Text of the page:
OPTIONS = USE_LINUX_TPROXY=1 USE_GETADDRINFO=1 USE_ZLIB=1 USE_REGPARM=1 USE_OPENSSL=1 USE_SYSTEMD=1 USE_PCRE=1

Default settings :
  maxconn = 2000, bufsize = 16384, maxrewrite = 1024, maxpollevents = 200

Built with OpenSSL version : OpenSSL 1.1.1c  28 May 2019
Running on OpenSSL version : OpenSSL 1.1.1c  28 May 2019
OpenSSL library supports TLS extensions : yes
OpenSSL library supports SNI : yes
OpenSSL library supports : TLSv1.0 TLSv1.1 TLSv1.2 TLSv1.3
Built with transparent proxy support using: IP_TRANSPARENT IPV6_TRANSPARENT IP_FREEBIND
Built with zlib version : 1.2.7
Running on zlib version : 1.2.7
Compression algorithms supported : identity("identity"), deflate("deflate"), raw-deflate("deflate"), gzip("gzip")
Built with PCRE version : 8.32 2012-11-30
Running on PCRE version : 8.32 2012-11-30
PCRE library supports JIT : no (USE_PCRE_JIT not set)
Encrypted password support via crypt(3): yes
Built with multi-threading support.

Available polling systems :
      epoll : pref=300,  test result OK
       poll : pref=200,  test result OK
     select : pref=150,  test result OK
Total: 3 (3 usable), will use epoll.

Available multiplexer protocols :
(protocols marked as <default> cannot be specified using 'proto' keyword)
              h2 : mode=HTX        side=FE|BE
              h2 : mode=HTTP       side=FE
       <default> : mode=HTX        side=FE|BE
       <default> : mode=TCP|HTTP   side=FE|BE

Available filters :
	[SPOE] spoe
	[COMP] compression
	[CACHE] cache
	[TRACE] trace

So, how exactly can I confirm that the change is actually in the new compiled binary?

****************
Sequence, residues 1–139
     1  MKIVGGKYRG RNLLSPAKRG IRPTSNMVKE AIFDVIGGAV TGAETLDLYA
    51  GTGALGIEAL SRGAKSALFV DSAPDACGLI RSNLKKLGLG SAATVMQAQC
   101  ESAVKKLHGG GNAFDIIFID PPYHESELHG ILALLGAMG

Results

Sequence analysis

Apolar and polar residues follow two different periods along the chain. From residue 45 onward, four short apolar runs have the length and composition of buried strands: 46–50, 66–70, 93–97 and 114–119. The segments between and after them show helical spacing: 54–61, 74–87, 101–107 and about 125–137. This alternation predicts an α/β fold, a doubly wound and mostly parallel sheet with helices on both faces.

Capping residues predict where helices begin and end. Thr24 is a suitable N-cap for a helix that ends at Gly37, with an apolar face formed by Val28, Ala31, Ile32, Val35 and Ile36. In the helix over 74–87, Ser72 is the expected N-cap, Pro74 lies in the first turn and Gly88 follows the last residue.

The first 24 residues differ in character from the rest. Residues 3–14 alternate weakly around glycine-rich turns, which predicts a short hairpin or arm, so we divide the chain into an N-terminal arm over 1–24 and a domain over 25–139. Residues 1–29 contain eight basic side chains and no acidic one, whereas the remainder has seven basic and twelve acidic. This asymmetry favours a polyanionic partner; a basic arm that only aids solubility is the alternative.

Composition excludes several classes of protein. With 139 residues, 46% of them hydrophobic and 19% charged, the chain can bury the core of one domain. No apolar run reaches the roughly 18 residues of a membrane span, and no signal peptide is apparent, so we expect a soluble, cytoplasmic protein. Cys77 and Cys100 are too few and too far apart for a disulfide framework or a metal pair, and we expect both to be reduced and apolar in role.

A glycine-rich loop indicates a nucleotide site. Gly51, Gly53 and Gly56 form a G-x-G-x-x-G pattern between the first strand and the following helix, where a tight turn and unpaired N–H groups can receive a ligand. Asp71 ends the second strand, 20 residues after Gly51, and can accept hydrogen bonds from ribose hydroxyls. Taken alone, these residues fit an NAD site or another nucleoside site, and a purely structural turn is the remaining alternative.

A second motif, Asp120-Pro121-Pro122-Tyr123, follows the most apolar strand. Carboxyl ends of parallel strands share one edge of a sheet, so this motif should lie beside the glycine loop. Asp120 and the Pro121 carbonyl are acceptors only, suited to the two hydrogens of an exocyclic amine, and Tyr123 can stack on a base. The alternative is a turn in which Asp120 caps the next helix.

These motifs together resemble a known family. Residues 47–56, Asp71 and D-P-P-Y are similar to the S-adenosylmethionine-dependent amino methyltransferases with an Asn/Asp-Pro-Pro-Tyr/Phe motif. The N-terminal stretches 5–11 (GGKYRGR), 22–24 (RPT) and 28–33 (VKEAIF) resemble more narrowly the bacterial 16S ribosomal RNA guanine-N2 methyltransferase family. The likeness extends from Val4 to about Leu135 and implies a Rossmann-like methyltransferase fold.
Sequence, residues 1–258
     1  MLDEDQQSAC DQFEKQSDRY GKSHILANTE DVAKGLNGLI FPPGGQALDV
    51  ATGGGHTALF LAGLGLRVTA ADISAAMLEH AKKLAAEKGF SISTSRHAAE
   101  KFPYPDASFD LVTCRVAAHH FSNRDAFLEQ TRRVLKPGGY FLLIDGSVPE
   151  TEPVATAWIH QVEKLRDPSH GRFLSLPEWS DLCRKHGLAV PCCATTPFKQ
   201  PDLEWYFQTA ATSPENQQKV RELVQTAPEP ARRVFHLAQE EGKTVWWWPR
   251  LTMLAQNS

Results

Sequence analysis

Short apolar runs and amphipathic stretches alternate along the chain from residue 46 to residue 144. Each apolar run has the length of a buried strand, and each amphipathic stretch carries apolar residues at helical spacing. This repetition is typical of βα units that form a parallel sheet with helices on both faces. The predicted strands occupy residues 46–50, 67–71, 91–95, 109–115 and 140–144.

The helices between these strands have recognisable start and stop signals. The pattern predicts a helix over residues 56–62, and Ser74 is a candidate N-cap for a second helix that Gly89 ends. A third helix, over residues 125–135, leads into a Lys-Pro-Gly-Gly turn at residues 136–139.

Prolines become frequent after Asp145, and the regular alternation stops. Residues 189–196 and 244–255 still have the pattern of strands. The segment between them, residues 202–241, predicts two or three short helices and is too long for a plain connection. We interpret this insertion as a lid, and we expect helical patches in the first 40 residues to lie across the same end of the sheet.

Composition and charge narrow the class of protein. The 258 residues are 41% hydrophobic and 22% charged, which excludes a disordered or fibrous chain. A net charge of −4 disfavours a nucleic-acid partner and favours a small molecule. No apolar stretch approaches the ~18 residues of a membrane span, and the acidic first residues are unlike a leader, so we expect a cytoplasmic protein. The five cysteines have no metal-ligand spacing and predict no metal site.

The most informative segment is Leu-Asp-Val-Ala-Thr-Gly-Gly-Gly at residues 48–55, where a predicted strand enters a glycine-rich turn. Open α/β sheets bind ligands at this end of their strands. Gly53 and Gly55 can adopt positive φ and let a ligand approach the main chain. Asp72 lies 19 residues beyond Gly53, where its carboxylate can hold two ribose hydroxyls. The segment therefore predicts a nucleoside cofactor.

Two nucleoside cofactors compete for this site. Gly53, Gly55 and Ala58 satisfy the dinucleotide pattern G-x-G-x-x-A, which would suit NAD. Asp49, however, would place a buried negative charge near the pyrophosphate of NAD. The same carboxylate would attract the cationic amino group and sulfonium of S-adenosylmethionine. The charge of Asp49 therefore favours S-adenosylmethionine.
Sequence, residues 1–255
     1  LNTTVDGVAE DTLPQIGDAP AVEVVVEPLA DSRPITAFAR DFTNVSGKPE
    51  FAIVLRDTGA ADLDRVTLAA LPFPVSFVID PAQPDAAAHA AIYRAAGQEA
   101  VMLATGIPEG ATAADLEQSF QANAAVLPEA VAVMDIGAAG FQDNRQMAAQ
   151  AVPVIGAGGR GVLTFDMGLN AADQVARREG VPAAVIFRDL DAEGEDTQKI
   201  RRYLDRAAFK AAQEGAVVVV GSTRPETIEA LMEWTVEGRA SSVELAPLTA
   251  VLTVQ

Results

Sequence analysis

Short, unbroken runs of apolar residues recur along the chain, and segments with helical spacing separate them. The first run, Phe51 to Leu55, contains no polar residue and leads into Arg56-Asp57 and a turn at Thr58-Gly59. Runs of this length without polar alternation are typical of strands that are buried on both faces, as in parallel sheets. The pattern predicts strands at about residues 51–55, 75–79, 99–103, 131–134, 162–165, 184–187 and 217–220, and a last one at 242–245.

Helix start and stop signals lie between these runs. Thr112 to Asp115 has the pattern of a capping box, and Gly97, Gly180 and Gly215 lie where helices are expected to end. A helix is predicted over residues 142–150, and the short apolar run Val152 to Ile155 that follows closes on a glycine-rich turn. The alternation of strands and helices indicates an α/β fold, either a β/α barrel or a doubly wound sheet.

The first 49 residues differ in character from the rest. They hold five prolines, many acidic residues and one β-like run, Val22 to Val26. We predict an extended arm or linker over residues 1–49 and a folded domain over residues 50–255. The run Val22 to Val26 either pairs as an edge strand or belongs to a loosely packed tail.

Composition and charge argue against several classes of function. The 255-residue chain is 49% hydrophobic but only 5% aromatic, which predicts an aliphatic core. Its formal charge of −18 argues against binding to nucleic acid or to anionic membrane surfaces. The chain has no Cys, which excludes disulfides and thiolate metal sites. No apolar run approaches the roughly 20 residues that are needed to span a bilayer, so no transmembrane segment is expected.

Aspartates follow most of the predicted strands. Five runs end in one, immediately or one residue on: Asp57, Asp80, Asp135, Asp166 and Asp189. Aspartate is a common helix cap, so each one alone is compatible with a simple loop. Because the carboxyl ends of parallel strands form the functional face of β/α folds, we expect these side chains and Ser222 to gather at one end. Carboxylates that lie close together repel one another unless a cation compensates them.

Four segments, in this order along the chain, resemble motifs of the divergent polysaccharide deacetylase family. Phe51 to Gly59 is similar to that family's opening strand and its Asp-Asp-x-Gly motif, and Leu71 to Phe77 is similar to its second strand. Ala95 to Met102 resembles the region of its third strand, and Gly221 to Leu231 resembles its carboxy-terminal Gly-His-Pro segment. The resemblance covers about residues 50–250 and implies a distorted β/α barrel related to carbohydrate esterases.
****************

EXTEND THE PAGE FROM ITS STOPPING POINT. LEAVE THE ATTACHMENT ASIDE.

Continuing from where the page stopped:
By the way, uname -a is reporting as

Linux <hostname> 3.10.0-862.3.3.el7.x86_64 #1 SMP Fri Jun 15 04:15:27 UTC 2018 x86_64 x86_64 x86_64 GNU/Linux

You can confirm it by checking the CFLAGS, which should contain -DMAX_READ_POLL_LOOPS=1 - and it does.

Great and thanks for the confirmation. :+1:

I have rebuilt HAProxy 1.9.9 with the suggested flag and can confirm now that it seem to have resolved the extreme latency at the “tail-end”.

Two observations and follow-up questions, though: it appears that HAProxy 1.9 (we are running 1.9.9 right now) seems to have a slightly higher average CPU utilization (about 5-10% more than 1.8). Also, the memory consumption seems about 10%-15% higher. Would this be in-line with the expectations due to changes in 1.9?

There are additional fixes in 1.9.10 I’d suggest you try (with that build flag).

I’m not sure about the general increased CPU and memory consumption in 1.9, maybe @willy can help.

Nothing immediately comes to my mind. Maybe the idle connections to servers consume a part of this memory. It is also possible that for scheduling reasons some data lie a bit longer in buffers sometimes.

However I’m very concerned about the fact that the flag has fixed your issue at such a low RPS. Or maybe the responses are huge and could also explain the extremely high service times ? Anyway I really can’t explain how a single syscall can induce 600 extra ms of service time, this doesn’t make sense. I rather suspect that it has an indirect impact on how events are polled or reported and could actually hide another issue. But I can’t guess what :-/